Image-based bar code reading outperforms laser scanners

New exhibitor to ProMat, Cognex is showcasing its DataMan 500 image-based bar code reader.
By Modern Materials Handling Staff
March 21, 2011 - MMH Editorial

New exhibitor to ProMat, Cognex is showcasing its DataMan 500 image-based bar code reader in Booth 768.

Using patented software, the system reads 1D bar codes that laser readers cannot—including damaged, distorted, blurred, scratched, low-height and low-contrast codes—explained Matt Engle, strategic market development manager.

“The technology accommodates packages of indeterminate size, with labels located anywhere, by incorporating a long range depth of field,” said Engle. “The unit quickly selects its plane of focus using liquid lens auto-focus technology, while its imager acquires and analyzes images at 1,000 frames per second.”

Further, the device can read codes in any orientation, 2D codes such as Data Matrix and QR, and multiple codes in the same image, he continued.

“It’s easier to use than a laser scanner and allows users to see what the reader sees—either live on a monitor, or via image archiving,” he said. The DataMan 500 also has no moving parts, making it more reliable than laser scanners, Engle concluded.

ProMat 2011 will be held March 21 - 24, 2011 at McCormick Place South in Chicago. The tradeshow will showcase the latest manufacturing, distribution and supply chain solutions in the material handling and logistics industry. Modern editors produce the Show Daily for the show.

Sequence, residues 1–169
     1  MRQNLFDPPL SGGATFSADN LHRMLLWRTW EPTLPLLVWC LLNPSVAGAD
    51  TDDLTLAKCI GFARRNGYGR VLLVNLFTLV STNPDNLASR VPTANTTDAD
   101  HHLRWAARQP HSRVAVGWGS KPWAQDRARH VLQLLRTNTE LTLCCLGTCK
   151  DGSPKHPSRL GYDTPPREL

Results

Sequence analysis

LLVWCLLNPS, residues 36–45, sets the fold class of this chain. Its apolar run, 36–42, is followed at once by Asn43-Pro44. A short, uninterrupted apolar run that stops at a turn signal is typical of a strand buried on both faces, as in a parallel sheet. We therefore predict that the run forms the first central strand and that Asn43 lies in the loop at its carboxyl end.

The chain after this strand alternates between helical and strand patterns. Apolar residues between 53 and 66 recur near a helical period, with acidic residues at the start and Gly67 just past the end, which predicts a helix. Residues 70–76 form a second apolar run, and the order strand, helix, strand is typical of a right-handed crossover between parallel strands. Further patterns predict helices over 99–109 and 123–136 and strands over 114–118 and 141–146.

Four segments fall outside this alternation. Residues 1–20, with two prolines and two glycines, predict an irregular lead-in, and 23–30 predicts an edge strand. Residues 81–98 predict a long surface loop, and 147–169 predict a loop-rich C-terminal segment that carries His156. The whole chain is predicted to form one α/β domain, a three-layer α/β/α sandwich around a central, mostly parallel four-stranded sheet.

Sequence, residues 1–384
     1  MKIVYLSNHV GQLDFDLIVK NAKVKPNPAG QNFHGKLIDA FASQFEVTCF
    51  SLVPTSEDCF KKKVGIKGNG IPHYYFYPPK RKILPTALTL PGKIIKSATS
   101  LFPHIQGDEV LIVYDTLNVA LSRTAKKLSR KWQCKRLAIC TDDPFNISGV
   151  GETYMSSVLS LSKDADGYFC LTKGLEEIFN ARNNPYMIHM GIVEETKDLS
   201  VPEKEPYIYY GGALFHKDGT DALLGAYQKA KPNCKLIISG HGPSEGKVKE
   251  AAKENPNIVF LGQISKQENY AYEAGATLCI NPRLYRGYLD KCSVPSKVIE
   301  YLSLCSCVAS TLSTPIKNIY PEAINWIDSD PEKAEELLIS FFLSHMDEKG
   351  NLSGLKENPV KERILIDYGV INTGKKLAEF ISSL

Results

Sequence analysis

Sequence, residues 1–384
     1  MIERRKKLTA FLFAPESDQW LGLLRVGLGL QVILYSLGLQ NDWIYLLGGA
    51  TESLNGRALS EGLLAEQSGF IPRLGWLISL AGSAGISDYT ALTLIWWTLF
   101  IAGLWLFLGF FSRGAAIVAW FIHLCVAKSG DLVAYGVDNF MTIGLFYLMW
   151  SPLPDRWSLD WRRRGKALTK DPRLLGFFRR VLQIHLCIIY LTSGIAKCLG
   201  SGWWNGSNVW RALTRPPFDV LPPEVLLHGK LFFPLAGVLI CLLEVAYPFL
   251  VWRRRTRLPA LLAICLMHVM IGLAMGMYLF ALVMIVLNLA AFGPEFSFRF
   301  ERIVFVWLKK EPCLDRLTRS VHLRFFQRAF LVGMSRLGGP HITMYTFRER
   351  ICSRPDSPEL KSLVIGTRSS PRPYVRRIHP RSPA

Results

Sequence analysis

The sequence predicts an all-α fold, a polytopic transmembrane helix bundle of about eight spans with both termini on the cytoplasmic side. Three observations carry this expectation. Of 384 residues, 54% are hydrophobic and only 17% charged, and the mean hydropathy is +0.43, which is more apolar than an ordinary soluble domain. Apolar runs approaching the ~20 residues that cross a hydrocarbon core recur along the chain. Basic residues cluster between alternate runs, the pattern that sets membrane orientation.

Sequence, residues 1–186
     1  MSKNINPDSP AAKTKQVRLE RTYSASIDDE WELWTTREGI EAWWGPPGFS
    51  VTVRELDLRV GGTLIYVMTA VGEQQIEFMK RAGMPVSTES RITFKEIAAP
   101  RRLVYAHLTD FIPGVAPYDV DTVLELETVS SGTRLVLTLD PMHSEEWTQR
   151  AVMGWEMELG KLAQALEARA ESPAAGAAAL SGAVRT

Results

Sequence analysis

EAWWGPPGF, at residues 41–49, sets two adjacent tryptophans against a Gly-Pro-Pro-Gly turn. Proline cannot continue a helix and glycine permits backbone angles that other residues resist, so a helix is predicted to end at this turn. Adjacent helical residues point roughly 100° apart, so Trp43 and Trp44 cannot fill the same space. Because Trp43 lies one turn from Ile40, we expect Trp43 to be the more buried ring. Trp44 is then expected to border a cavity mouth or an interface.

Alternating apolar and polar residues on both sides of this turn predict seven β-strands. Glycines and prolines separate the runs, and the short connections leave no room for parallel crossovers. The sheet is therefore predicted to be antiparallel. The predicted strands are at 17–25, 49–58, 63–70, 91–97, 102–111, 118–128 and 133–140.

Read all of Modern’s ProMat 2011 coverage


Subscribe to Logistics Management magazine

Subscribe today. It's FREE!
Get timely insider information that you can use to better manage your
entire logistics operation.
Start your FREE subscription today!

Recent Entries

Seasonally-adjusted (SA) for-hire truck tonnage in October at 135.7 (2000=100) was up 1.9 percent compared to September’s 133.1, and the ATA’s not seasonally-adjusted (NSA) index, which represents the change in tonnage actually hauled by fleets before any seasonal adjustment was 139.8 in October, which was 0.9 percent ahead of September.

The average price per gallon of diesel gasoline fell 3.7 cents to $2.445 per gallon, according to data issued today by the Department of Energy’s Energy Information Administration (EIA). This marks the lowest weekly price for diesel since June 1, 2009, when it was at $2.352 per gallon.

In its report, entitled “Grey is the new Black,” JLL takes a close look at supply chain-related trends that can influence retailers’ approaches to Black Friday.

This year, it's all about the digital supply network. In this virtual conference, we will define the challenges currently facing supply chain organizations and offer solutions designed to transform linear operations into dynamic, automated networks that offer seamless communication, visibility, and the ability to respond and optimize processes at any given time.

In his opening comments assessing the economy at last week’s RailTrends conference hosted by Progressive Railroading magazine and independent railroad analyst Tony Hatch, FTR Senior analyst Larry Gross said the economy continues to slog ahead at a relatively tepid pace, coupled with some volatility in terms of overall GDP growth. And amid that slogging, Gross said there is currently an economic hand-off occurring between the industrial sector and the consumer sector.


Post a comment
Commenting is not available in this channel entry.